Adoption and Children Bill

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Mr. Brazier: As the Minister knows, we are all in favour of the new measures, but will she reassure the Committee that where younger children, who have no views of their own, are concerned, the prejudices or customs—whatever term one wants to use—of birth parents from whom, for whatever reason, the child has been taken away, would not be a bar to full adoption?

Jacqui Smith: Obviously, the decision about adoption would be based on the best interests of the child, as is appropriate. We have spoken throughout about the Government's wish and intention to increase the number of children adopted out of care, and to ensure that that happens more quickly. However, the White Paper and the PIU concluded that some groups understandably still have difficulty with some of the legal aspects of adoption. We are not necessarily offering such people a choice between adoption and special guardianship, because it is unlikely that they would have opted for adoption. We are providing an opportunity for special guardianship orders to be made, with the permanence and other conditions that they create, as opposed to nothing. It is an important step forward.

12.30 pm

Mr. Brazier: This is an important point. The Minister has outlined a number of other cases, and one can think of other examples. For instance, the father may be dead and the mother permanently incapacitated in such a way that prevents her looking after the child but the child still regards her as mum. However, if a minority group is specifically opposed to adoption—we are dealing with younger children, who will have no views on the matter—the pre-eminence of the child's interests must surely dictate that it should not be allowed to block the adoption of children who might otherwise be satisfactorily adopted by people who do not share that view.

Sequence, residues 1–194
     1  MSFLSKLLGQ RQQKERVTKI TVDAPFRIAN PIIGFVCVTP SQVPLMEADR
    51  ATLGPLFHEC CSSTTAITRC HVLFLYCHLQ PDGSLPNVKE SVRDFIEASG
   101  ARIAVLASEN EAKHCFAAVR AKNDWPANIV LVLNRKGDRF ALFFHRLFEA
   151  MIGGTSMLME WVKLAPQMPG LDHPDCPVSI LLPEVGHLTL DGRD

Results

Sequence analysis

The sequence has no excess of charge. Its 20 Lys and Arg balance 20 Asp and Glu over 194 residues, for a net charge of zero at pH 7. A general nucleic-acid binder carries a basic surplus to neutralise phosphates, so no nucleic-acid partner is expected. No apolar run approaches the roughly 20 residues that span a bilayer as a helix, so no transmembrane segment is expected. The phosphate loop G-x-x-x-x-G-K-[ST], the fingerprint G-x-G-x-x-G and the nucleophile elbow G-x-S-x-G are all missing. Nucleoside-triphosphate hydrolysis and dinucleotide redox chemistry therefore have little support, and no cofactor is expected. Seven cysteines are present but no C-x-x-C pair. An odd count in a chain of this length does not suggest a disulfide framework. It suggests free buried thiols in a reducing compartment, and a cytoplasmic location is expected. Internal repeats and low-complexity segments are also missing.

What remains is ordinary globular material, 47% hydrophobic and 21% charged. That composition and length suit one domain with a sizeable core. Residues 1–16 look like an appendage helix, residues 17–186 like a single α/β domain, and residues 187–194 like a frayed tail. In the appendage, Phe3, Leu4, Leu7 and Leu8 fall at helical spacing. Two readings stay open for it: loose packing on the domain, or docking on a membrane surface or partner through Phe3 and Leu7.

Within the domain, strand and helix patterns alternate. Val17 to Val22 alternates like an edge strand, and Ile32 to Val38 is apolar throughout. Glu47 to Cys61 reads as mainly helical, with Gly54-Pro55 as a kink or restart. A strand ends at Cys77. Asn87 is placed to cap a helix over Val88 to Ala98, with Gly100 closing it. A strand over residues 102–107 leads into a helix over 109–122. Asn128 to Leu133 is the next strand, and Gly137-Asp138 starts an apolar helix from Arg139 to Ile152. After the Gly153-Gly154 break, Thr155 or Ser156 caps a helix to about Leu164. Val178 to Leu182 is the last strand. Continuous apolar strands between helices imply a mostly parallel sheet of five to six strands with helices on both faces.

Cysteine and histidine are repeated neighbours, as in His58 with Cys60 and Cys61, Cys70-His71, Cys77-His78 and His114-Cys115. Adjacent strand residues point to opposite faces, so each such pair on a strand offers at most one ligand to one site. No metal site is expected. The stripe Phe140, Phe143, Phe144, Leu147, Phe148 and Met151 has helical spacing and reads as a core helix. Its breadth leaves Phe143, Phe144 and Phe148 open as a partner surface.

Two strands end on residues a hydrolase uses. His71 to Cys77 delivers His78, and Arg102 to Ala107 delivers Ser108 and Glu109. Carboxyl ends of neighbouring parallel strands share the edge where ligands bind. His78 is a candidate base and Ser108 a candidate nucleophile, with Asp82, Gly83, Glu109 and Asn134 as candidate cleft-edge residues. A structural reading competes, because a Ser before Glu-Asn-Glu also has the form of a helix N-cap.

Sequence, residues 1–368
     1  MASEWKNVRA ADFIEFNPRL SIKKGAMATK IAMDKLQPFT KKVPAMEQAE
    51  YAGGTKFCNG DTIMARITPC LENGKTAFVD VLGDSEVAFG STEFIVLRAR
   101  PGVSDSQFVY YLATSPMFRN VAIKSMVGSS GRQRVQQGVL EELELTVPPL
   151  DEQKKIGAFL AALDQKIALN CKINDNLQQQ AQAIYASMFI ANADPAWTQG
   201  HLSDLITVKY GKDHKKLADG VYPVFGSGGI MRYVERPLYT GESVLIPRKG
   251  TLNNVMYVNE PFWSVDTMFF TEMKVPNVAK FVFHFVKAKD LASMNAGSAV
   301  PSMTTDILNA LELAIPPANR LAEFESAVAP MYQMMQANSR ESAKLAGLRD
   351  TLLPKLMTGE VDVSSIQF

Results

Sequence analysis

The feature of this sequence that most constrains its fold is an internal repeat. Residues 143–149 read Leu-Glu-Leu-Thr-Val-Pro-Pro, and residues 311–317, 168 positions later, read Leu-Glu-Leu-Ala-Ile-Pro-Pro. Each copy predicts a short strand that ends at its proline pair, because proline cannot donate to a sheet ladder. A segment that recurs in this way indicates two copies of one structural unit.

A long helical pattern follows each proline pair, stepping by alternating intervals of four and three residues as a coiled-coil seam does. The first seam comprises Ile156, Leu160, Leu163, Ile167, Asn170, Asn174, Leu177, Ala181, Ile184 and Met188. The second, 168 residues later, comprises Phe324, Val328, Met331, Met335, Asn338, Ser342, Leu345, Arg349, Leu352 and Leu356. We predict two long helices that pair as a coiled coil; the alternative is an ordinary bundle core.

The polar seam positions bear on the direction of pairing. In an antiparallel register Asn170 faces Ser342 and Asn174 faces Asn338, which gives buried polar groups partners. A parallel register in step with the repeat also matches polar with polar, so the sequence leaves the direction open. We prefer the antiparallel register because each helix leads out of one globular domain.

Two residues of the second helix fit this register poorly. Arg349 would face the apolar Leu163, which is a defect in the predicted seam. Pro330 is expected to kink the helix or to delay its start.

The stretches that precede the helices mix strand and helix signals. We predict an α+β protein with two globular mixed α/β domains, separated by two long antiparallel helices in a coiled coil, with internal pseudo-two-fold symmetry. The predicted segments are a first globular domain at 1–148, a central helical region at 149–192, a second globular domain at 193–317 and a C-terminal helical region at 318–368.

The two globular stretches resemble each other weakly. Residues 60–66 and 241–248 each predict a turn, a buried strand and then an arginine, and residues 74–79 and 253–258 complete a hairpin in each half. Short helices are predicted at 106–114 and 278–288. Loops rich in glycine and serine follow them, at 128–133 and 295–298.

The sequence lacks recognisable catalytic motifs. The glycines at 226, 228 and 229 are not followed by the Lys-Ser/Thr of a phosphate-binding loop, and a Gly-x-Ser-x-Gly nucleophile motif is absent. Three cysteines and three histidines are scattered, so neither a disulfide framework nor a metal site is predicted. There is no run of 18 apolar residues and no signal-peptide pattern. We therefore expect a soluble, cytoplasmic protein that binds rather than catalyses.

Jacqui Smith: As I suggested in my previous answer, it is important that the processes and the safeguards that we talked about in relation to clause 1 and the placement provisions are considered in such circumstances.

The new order is also intended to offer more security and a better support package than a residence order. It is designed to be flexible enough to work in a range of situations—including in cases where there is extensive and regular contact with the birth family and in instances where that would not be appropriate but when it would nevertheless be desirable to retain the basic legal link between the child and the parent. The Government want the new order to be used successfully, and the Bill therefore places a duty on local authorities to make arrangements to provide support services for special guardianship placements. We shall discuss that in more detail under later amendments. We anticipate that those support services will operate in a similar manner to adoption